Tuesday, April 06, 2010

Charles Crawford on the Killing of Eugene Terreblanche

From Charles Crawford:
The murder of Eugene Terreblanche has forced into prominence a number of difficult issues for South Africa.

Namely the startling murder rate for 'white' farmers.

And the fact that for all the impressive political reconciliation achieved (or not) in South Africa since apartheid ended, the ANC still enjoys celebrating its success with its war-song "Kill the Boer".

I never met Eugene Terreblanche. But as part of my job in the Embassy in South Africa to go to more exotic parts of the South African political spectrum, I did meet many so-called conservative if not extreme Afrikaners such as Carel Boshoff and Clive Derby-Lewis, who subsequently went to prison for murdering top South African communist/ANC figure Chris Hani in 1993.

Plus on one fine day back in 1990 or thereabouts I went to an outdoor rally for the Afrikaner Weerstandsbeweging (AWB) at which Terreblanche appeared on his horse. The event was strangely demure, hundreds of Afrikaner families having neat and tidy picnics as the prelude to Terreblanche's windy oratory.

The AWB and various other such organisations of varying degrees of militancy are always presented as 'far-right', whereas of course they were and are primarily national-socialistic. Far from wanting to exert 'supremacy' over Africans, a strong theme was (and remains) a separate homeland for Afrikaners where they can run their own affairs and preserve their undoubtedly specific culture and religion, within a highly communal context and tight central economic control.

Carel Boshoff has given the greatest thought to how this that this homeland should be achieved in a way obviously not at the expense of South Africa's African majority, to the point of creating a small private Afrikaner enclave called Orania. It has not taken off.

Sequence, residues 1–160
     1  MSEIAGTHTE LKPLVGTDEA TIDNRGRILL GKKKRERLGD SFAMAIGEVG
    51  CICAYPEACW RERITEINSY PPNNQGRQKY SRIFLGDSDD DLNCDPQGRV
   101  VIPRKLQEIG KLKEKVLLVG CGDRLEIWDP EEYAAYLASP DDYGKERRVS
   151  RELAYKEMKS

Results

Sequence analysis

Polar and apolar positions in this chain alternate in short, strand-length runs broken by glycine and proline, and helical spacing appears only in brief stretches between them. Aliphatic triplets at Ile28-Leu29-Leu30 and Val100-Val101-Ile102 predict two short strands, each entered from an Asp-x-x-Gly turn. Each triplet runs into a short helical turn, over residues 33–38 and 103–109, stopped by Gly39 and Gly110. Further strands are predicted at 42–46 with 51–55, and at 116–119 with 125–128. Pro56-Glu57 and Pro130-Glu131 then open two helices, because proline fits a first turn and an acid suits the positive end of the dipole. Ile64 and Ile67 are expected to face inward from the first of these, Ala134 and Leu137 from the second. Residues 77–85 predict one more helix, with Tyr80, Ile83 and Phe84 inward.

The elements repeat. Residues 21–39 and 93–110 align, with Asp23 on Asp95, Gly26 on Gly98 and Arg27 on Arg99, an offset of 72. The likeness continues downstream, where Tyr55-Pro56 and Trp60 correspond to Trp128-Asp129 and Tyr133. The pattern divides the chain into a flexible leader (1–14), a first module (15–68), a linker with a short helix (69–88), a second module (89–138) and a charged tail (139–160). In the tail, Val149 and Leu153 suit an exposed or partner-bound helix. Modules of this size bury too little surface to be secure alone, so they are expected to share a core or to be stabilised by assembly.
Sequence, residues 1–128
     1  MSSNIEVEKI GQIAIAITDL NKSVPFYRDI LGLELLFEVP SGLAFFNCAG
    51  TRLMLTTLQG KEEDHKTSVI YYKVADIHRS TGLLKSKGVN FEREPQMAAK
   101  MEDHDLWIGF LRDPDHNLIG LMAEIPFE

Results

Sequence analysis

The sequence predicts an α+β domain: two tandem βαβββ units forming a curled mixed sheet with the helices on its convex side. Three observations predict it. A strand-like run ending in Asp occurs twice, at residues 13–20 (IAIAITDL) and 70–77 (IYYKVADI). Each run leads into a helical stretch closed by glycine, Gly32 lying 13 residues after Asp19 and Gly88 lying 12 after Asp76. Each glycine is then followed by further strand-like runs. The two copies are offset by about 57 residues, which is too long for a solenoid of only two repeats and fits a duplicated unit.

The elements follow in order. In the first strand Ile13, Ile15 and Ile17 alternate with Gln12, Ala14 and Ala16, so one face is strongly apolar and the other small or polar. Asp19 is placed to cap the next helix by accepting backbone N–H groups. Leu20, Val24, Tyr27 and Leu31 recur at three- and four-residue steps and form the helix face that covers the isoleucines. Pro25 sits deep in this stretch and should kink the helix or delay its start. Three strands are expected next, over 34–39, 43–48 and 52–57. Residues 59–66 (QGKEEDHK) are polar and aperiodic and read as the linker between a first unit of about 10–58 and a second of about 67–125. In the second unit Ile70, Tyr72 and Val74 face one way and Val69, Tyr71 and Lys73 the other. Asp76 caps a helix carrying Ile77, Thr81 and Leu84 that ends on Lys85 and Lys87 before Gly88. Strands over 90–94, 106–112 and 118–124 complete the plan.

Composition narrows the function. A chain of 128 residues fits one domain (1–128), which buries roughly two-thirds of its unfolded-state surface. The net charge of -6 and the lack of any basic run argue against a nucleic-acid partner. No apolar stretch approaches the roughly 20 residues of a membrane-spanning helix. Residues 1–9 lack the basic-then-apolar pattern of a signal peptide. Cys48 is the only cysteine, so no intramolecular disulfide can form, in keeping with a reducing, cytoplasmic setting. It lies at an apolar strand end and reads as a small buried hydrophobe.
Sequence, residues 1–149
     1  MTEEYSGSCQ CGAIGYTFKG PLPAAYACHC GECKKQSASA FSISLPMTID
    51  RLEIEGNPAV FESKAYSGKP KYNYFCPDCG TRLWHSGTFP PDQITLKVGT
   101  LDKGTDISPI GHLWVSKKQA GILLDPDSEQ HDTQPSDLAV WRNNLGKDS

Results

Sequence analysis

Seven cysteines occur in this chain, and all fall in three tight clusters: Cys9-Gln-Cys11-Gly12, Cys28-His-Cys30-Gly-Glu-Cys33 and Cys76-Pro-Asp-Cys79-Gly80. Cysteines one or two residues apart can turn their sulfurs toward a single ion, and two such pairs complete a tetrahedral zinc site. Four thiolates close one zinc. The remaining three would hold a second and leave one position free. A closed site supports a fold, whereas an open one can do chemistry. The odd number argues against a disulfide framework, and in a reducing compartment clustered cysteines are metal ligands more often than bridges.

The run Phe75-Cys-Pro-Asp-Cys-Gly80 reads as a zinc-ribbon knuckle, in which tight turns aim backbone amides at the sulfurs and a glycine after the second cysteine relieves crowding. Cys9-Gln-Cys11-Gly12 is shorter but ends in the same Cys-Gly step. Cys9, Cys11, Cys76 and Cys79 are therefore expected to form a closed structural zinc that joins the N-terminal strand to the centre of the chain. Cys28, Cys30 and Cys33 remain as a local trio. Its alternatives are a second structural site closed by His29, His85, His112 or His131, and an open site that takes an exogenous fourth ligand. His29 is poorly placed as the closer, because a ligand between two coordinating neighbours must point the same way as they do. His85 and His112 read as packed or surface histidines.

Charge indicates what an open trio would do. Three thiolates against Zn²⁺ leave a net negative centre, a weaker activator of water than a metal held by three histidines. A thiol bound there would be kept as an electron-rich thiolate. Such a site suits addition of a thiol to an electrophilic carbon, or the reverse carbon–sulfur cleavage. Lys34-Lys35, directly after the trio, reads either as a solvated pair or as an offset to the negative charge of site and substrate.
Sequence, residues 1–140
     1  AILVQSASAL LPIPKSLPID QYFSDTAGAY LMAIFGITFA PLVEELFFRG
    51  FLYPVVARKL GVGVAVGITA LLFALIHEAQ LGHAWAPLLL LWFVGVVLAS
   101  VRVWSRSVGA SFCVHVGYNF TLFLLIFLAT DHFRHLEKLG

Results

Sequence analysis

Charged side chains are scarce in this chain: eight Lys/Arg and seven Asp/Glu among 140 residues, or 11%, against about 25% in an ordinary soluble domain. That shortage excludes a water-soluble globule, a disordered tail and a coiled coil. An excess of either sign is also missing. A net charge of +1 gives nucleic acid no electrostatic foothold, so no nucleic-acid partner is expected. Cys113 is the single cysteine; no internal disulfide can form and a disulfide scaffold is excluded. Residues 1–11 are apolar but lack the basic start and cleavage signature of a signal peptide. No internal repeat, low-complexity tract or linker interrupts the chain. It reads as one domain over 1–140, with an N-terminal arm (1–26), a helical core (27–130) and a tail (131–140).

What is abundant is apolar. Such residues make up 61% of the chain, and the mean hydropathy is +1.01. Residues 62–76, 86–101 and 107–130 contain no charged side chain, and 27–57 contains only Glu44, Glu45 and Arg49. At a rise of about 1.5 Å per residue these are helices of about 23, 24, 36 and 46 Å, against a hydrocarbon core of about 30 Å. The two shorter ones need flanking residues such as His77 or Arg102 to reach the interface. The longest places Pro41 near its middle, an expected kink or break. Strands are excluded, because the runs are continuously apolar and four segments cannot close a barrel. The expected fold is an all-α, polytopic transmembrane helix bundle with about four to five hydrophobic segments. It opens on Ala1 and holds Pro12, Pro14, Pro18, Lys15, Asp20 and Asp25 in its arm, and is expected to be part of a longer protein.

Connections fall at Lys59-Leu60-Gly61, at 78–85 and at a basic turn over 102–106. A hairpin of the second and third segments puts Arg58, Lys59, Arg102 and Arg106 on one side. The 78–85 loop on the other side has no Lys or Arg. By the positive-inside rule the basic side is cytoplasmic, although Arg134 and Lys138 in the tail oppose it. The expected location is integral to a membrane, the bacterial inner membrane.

The AWB as led by Terreblanche were a more primitive, blustering and sporadically violent group bent on threatening racial confrontation aimed at partitioning South Africa, but never quite getting round to it (other than a farcical but bloody attempt in 1994 to stop the Bophuthatswana homeland being reincorporated into South Africa).

The harsh reality of South Africa is that Kill the Boer political idiom as a metaphor for 'black' African supremacy is very popular. It was this exuberant militant chanting which led to communist Joe Slovo being publicly humiliated at one of the first ANC rallies after the ANC was unbanned.

Up in Zimbabwe it is precisely this Africanist sentiment which has motivated Mugabe to drive his country into the ground. Better a land racially cleansed of 'white settlers', achieved if necessary at the price of destroying much of the country's agricultural and industrial infrastructure.

South Africa is heading in the same direction, but from a far higher economic altitude and with a shallower glide-path towards eventual disaster. The steady attrition of attacks on white farmers (and the sadistic violence often accompanying them) is just part of that deeper process.

As for Eugene Terreblanche, he achieved notoriety for his vainglorious 'white supremacy', and ended up being hacked to death by obscure workers motivated consciously or otherwise by ideas of lumpen African supremacy.

I wonder if in his final horrible seconds alive he was surprised.